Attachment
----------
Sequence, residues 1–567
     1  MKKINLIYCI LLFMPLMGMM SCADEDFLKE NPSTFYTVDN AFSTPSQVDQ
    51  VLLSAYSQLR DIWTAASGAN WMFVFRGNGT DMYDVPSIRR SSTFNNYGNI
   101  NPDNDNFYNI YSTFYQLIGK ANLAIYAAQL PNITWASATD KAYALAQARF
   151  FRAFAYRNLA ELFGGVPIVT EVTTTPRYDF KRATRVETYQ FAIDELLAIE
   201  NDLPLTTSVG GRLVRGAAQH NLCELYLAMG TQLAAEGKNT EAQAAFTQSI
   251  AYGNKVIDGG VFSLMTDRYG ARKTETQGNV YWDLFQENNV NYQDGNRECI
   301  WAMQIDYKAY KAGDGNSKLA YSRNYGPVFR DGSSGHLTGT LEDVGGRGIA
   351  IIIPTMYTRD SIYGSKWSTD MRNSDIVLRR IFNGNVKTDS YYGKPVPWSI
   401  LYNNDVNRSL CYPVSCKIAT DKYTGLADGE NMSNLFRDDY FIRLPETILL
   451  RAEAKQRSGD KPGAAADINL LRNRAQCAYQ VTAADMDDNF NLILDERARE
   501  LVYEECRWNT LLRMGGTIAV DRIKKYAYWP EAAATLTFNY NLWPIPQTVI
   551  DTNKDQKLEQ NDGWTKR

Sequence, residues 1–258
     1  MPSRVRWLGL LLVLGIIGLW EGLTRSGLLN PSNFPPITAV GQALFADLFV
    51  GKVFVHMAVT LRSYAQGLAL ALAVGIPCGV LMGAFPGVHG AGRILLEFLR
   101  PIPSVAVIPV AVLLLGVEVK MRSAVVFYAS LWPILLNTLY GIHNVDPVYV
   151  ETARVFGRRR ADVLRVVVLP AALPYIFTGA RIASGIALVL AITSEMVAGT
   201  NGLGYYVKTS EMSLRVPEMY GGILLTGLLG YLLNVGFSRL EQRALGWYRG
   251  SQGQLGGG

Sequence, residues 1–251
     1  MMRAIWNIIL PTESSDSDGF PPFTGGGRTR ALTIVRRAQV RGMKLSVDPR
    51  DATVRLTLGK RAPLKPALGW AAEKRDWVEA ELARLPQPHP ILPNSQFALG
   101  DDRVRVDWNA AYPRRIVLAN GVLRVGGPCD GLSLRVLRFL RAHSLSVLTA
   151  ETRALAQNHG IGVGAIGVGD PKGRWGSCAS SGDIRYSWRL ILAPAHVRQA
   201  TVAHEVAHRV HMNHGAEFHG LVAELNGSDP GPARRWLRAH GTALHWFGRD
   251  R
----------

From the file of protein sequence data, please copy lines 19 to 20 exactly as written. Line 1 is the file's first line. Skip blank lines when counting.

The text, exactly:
   201  NGLGYYVKTS EMSLRVPEMY GGILLTGLLG YLLNVGFSRL EQRALGWYRG
   251  SQGQLGGG